Title

Heat-Stress and Light-Stress Induce Different Cellular Pathologies in the Symbiotic Dinoflagellate during Coral Bleaching

Authors

Authors

C. A. Downs; K. E. McDougall; C. M. Woodley; J. E. Fauth; R. H. Richmond; A. Kushmaro; S. W. Gibb; Y. Loya; G. K. Ostrander;E. Kramarsky-Winter

Comments

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Abbreviated Journal Title

PLoS One

Keywords

CHLOROPLAST THYLAKOID MEMBRANES; II REACTION-CENTER; PHOTOSYSTEM-II; OXIDATIVE STRESS; SEA-ANEMONE; EVOLUTIONARY DIFFERENTIATION; STRUCTURAL; REORGANIZATION; STYLOPHORA-PISTILLATA; ELECTRON-TRANSPORT; GONIASTREA-ASPERA; Multidisciplinary Sciences

Abstract

Coral bleaching is a significant contributor to the worldwide degradation of coral reefs and is indicative of the termination of symbiosis between the coral host and its symbiotic algae (dinoflagellate; Symbiodinium sp. complex), usually by expulsion or xenophagy (symbiophagy) of its dinoflagellates. Herein, we provide evidence that during the earliest stages of environmentally induced bleaching, heat stress and light stress generate distinctly different pathomorphological changes in the chloroplasts, while a combined heat-and light-stress exposure induces both pathomorphologies; suggesting that these stressors act on the dinoflagellate by different mechanisms. Within the first 48 hours of a heat stress (32 degrees C) under low-light conditions, heat stress induced decomposition of thylakoid structures before observation of extensive oxidative damage; thus it is the disorganization of the thylakoids that creates the conditions allowing photo-oxidative-stress. Conversely, during the first 48 hours of a light stress (2007 mmoles m(-2) s(-1) PAR) at 25 degrees C, condensation or fusion of multiple thylakoid lamellae occurred coincidently with levels of oxidative damage products, implying that photo-oxidative stress causes the structural membrane damage within the chloroplasts. Exposure to combined heat-and light-stresses induced both pathomorphologies, confirming that these stressors acted on the dinoflagellate via different mechanisms. Within 72 hours of exposure to heat and/or light stresses, homeostatic processes (e. g., heat-shock protein and anti-oxidant enzyme response) were evident in the remaining intact dinoflagellates, regardless of the initiating stressor. Understanding the sequence of events during bleaching when triggered by different environmental stressors is important for predicting both severity and consequences of coral bleaching.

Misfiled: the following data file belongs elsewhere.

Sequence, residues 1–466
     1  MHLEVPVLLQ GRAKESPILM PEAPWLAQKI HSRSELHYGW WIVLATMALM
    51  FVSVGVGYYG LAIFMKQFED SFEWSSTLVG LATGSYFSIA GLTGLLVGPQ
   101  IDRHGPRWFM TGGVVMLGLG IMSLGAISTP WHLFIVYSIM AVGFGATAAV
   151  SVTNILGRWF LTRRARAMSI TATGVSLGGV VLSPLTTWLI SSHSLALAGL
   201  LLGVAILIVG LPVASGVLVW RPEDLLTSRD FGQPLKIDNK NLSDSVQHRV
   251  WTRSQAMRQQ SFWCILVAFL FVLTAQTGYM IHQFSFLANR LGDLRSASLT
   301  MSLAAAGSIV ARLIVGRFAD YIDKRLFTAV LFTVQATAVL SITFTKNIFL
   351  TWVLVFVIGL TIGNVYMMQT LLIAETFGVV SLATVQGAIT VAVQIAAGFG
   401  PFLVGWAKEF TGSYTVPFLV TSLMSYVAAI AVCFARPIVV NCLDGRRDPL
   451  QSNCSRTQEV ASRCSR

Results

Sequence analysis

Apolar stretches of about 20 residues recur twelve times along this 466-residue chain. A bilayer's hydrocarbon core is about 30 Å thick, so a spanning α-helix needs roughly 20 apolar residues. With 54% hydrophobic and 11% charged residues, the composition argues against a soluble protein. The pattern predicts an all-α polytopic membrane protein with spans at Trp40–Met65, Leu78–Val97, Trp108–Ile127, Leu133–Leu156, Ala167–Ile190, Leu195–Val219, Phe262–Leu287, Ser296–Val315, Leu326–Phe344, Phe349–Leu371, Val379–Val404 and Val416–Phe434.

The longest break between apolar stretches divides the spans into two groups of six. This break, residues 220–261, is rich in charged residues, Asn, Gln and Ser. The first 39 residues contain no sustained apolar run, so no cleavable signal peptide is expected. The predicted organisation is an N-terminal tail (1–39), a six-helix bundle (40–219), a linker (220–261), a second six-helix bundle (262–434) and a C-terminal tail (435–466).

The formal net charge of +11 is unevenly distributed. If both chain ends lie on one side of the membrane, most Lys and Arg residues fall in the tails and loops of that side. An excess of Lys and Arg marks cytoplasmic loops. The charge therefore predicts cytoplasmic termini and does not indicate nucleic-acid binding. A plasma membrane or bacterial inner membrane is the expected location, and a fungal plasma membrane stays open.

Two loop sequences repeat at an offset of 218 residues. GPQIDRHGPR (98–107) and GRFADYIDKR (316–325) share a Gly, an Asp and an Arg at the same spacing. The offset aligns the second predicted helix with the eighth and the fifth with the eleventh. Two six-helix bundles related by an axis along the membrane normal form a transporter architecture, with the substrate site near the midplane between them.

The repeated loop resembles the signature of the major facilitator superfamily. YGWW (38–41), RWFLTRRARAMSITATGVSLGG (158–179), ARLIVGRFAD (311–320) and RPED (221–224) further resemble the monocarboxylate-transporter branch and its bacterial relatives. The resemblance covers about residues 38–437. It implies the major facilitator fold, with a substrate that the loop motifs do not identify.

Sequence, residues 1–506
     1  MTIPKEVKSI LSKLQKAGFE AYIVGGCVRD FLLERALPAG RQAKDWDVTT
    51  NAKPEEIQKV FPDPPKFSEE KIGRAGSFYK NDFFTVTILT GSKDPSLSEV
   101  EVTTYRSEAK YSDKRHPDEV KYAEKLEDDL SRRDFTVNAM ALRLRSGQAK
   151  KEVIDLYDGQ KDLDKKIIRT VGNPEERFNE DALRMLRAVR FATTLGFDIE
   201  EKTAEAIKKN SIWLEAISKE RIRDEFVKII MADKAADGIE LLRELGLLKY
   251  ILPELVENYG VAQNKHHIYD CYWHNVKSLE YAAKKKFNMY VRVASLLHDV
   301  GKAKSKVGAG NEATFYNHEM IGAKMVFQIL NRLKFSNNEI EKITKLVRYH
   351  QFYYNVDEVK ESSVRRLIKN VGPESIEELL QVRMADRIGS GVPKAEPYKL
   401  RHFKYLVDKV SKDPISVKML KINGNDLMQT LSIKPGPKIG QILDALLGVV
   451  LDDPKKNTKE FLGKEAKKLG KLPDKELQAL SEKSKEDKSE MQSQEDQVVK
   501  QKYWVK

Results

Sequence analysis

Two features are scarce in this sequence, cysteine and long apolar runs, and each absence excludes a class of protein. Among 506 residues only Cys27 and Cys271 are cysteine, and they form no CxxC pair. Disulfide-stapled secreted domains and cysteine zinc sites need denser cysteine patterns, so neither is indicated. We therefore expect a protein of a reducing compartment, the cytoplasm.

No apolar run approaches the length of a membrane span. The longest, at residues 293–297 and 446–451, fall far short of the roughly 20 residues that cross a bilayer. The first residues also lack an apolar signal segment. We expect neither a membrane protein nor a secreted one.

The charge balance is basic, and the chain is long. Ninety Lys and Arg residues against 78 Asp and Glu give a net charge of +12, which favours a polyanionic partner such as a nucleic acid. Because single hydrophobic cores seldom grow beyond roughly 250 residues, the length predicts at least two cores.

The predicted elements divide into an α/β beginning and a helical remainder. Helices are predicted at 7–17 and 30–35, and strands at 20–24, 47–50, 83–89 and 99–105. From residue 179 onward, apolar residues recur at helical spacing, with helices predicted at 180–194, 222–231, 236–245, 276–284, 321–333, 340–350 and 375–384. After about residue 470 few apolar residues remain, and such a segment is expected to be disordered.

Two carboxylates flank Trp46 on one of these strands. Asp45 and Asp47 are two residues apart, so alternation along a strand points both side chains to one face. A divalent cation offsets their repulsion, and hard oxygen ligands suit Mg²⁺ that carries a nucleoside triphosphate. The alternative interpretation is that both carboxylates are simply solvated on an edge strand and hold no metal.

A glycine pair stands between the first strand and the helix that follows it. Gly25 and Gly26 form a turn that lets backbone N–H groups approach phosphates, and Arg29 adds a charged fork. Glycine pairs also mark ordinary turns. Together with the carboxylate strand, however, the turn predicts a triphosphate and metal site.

Journal Title

Plos One

Volume

8

Issue/Number

12

Publication Date

1-1-2013

Document Type

Article

Language

English

First Page

16

WOS Identifier

WOS:000327949300003

ISSN

1932-6203

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